I thought Robin was going to lose the baby.
After talking with Carter Bays last week, I was totally convinced that was the sad, horrible fate that awaited Robin and Barney, who I predicted would be the father. I was correct on one account -- Barney would have been the father. If there had been a baby. But there wasn't. Bullet dodged? Not so much. More like, bullet through the unsuspecting heart.
We were all eagerly anticipating the conclusion to last week’s episode, which left us on a doozy of a cliffhanger -- Robin told Barney she was preggo. This week opened with what we thought was the answer to all we’d been wondering. And it was the answer some of us had been wanting.
Robin, heard only in voice-over, was sitting in front of a couch talking to two teenagers, Ted-style. “Kids, have I ever told you about how I met your father? Well, I’ll just skip ahead to the moment I told him I was pregnant,” she told them. I smiled. And not just any smile -- one of those big, dorky smiles that usually precedes the words, "…and then they lived happily ever after." Spoiler alert: Barney and Robin wouldn't. (At least, by the end of the episode.)
Back in our present-day timeline, we returned to the bathroom immediately following the news. Barney was on the floor. Had he passed out? No. His face just met Robin's Canuck-le after a choice comment. ("Barney, I'm pregnant." "Are you sure you're not just getting fat?") Um, twice. ("So you're pregnant… looks like nobody told your boobs.")
Once the violence stopped (make love, not… oh, wait, they did!), they got a moment to chat: Robin wasn't sure she was pregnant but took pride in her punctual uterus and claimed pregnancy was the only explanation. "That's… wonderful," Barney said. Then it was Robin's turn to kiss the bathrug.
Later, at the bar, Robin asked Barney to keep their secret, well, a secret. She didn't want kids. Never in a million years. ("Sorry, kids," future Robin told the teens, one of whom, by the way, was blond and suited up. Ha!) A trip to We B Babies didn't even help melt the icy exterior of Robin's reservations. "I want to show you that kids are nothing to be afraid of," Barney said of their field trip. But his positive thinking and encouragement was no match for Lily's dark tails of nipple butter and… other things. Sorry, even I don't want to think about the rest of it. It's more disturbing than Ted's memory of a gender-confused, yet-non-commercialized Santa.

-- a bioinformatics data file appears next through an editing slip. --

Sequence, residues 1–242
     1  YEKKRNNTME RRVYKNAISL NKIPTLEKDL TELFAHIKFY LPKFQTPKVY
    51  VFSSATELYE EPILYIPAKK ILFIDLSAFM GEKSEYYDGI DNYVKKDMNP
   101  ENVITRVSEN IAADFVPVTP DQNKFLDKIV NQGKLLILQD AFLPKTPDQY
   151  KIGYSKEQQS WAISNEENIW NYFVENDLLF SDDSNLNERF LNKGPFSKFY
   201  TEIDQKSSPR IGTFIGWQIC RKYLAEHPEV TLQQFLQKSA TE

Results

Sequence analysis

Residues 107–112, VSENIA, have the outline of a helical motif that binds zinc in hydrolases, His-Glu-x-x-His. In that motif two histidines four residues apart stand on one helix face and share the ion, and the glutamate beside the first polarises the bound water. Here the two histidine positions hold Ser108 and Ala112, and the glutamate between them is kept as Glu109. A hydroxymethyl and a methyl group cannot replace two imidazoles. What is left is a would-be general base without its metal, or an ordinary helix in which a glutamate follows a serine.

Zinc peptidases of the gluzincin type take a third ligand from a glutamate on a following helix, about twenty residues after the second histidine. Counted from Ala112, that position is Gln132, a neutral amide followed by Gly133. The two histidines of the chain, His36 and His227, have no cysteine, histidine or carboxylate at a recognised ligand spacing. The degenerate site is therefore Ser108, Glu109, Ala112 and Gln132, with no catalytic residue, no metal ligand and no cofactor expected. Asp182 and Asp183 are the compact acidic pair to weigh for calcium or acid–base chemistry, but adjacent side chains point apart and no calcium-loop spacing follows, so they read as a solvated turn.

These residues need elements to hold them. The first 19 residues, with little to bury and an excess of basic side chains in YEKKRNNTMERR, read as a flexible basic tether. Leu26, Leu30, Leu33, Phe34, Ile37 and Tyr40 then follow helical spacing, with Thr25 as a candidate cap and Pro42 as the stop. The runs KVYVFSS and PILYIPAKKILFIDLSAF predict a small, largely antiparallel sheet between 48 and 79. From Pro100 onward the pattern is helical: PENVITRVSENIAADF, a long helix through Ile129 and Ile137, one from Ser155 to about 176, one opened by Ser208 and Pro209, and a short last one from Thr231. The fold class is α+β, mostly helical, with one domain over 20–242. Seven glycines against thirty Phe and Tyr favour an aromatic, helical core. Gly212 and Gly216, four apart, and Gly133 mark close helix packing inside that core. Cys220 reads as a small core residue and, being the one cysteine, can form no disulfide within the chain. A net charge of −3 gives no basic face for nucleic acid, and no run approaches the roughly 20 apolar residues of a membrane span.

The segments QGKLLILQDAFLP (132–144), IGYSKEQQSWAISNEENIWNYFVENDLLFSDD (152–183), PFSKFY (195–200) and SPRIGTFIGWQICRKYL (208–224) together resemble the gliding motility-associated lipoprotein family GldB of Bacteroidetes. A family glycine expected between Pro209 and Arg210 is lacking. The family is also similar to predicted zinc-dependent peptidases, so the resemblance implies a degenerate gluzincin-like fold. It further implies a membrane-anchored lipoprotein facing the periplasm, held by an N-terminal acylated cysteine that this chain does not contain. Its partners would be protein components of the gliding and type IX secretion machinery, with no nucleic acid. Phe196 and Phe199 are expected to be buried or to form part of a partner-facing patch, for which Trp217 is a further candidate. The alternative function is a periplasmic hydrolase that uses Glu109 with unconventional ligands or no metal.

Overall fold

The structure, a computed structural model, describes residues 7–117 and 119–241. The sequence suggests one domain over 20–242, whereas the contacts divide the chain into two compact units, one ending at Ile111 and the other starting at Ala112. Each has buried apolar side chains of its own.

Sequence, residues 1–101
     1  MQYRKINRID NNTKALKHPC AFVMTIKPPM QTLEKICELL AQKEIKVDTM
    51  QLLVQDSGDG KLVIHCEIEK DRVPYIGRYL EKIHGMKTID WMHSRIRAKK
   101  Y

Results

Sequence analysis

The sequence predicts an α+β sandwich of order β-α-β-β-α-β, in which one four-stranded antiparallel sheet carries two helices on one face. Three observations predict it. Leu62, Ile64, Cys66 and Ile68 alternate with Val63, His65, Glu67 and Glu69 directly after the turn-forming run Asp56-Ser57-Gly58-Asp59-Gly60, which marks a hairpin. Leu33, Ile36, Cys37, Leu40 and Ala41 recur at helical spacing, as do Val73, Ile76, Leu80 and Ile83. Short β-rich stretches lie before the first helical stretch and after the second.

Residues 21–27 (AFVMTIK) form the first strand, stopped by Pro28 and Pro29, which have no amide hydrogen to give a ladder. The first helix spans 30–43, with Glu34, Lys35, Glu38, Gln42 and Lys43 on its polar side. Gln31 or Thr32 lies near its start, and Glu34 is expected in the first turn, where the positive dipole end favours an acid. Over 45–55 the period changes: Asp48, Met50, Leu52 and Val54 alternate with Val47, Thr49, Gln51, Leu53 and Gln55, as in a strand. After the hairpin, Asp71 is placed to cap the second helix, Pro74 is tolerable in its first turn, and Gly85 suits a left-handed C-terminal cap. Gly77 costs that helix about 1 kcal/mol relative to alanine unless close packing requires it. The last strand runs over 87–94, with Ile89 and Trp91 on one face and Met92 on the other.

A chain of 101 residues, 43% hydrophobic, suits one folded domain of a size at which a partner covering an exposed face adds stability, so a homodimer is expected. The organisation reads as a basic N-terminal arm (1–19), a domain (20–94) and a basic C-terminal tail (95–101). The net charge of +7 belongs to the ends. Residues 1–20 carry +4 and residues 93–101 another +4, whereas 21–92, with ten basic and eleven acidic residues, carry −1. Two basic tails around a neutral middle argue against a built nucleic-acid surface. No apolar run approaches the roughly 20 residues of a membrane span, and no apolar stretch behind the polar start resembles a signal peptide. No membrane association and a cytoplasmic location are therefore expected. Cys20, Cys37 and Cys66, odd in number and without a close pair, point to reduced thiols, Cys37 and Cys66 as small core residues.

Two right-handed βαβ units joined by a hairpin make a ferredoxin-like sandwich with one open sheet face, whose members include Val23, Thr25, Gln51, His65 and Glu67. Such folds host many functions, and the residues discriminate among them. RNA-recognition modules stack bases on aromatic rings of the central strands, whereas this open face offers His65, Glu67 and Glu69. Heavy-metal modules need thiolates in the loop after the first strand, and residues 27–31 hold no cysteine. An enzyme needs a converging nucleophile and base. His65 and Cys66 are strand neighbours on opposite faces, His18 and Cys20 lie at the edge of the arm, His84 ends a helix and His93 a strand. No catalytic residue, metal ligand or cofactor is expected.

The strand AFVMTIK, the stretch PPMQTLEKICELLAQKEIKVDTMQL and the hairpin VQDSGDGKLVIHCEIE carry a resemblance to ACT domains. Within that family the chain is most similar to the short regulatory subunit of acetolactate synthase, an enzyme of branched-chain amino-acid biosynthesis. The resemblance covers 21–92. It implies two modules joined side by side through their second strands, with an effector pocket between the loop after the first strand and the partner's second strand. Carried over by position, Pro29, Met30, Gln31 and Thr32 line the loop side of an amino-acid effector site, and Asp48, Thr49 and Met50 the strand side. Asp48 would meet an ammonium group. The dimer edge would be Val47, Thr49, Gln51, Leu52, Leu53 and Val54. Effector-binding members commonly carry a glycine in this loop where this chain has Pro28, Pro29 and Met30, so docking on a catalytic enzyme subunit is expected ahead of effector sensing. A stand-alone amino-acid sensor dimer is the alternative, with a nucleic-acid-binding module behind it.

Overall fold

So Barney was holding the flag for parenthood… until he ran into Insane Duane, his former BFF and wingman-turned-overworked-father. Suddenly, Barney jumped off the Parent Express and joined Robin in Doubtsville. At the doctor's office the next day, they got good news: There was no baby on board. Naturally, they held a impromptu dance party to celebrate!!
But Robin's cigar-filled, liquor-drowned gloat-fest was short-lived. An unexpected follow-up call came days later as she sat alone at home watching Teen Mom. It was the doctor: the tests revealed not only was she not pregnant, but that she never would be.
And just like that, everything Robin thought she didn't want held a different value. That changed things. Babies became "cute as crap" and she became unable to fend off the charms of giant rosy cheeks and tiny maple-leafed onesies. She saw everything she could never have -- biologically speaking. (Part of me thinks all she needed to do was spend 30 seconds with ding-dong-photographing Scotty, the awful neighborhood boy who trapped Marshall on the roof of his new house, to change her mind yet again. We'll never know…)
When prompted, she simply told her friends that she was upset after learning that she'd never be a "pole vaulter." (In this case, we had to apply the special HIMYM rule of suspended disbelief because, in the real world, absolutely no one would have believed this excuse.) Everyone's reaction to her shattered pole-vaulting dreams varied, as she predicted. Ted tried to stuff her face, Lily cried, Barney told awkward jokes, and Marshall tried problem solving.
It was sweet watching them all rally around her. I will always maintain that the best moments are the ones that display how much they care about each other (which is also why I loved the ending, more on that in a bit). And it was clear, once again, that they cared deeply for their friend, no matter how far-fetched or unreasonably her "pole-vaulting dreams" had been.
While all this bad news was going on, I, as a viewer, held on to the fact that she would eventually have children. After all, we saw her talking to them at the beginning of the episode. During last night's most wrenching movements, I remembered chatting with executive producers Carter Bays and Craig Thomas last season after Marshall's dad's death, and them telling me that they didn't feel scared about taking the characters on a sometimes-sad journey because, since we're being told the story from the future, we know they all get through the tough times. That, they said, was comforting. And I agreed. So during this episode, I held on to that. Robin's fine. She has kids. It's sad now, but she's happy later. It'll be fine. I'll be fine. This will all be fine.
But then the rug was pulled out from under us and onto our faces we fell: The end of the episode revealed Robin was only imagining her future children -- and that she never had any.